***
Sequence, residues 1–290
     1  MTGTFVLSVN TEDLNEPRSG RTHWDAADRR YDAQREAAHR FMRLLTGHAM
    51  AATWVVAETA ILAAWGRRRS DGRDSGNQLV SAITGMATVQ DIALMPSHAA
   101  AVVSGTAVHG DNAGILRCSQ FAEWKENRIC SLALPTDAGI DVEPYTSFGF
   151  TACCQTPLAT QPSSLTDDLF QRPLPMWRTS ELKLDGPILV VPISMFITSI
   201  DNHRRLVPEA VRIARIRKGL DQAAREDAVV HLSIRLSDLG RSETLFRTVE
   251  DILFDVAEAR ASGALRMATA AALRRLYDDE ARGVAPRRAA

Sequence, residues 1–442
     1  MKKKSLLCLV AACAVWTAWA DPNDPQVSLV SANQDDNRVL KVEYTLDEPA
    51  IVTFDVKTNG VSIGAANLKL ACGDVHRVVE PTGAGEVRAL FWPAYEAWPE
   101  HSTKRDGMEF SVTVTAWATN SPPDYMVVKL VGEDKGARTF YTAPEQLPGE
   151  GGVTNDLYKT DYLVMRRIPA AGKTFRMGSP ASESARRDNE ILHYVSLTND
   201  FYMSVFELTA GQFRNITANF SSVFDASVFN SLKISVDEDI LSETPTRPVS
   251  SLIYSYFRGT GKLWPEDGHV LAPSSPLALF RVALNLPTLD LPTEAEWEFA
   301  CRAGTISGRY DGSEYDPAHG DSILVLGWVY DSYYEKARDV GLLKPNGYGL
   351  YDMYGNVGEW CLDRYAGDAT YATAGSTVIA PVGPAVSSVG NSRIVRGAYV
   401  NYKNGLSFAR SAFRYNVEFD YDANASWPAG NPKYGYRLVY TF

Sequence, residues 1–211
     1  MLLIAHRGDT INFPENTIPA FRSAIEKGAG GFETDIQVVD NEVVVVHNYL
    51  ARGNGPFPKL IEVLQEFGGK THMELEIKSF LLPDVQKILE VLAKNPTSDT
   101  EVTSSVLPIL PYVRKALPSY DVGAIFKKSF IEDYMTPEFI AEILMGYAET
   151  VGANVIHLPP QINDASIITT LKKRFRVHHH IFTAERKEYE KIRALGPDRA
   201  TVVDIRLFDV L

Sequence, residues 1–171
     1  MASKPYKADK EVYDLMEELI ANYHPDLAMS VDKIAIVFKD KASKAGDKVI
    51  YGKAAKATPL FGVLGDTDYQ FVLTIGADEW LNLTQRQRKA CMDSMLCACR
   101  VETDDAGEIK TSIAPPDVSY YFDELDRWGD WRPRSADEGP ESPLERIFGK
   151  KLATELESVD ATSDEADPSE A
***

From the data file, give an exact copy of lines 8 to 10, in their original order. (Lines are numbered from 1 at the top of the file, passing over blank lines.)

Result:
Sequence, residues 1–442
     1  MKKKSLLCLV AACAVWTAWA DPNDPQVSLV SANQDDNRVL KVEYTLDEPA
    51  IVTFDVKTNG VSIGAANLKL ACGDVHRVVE PTGAGEVRAL FWPAYEAWPE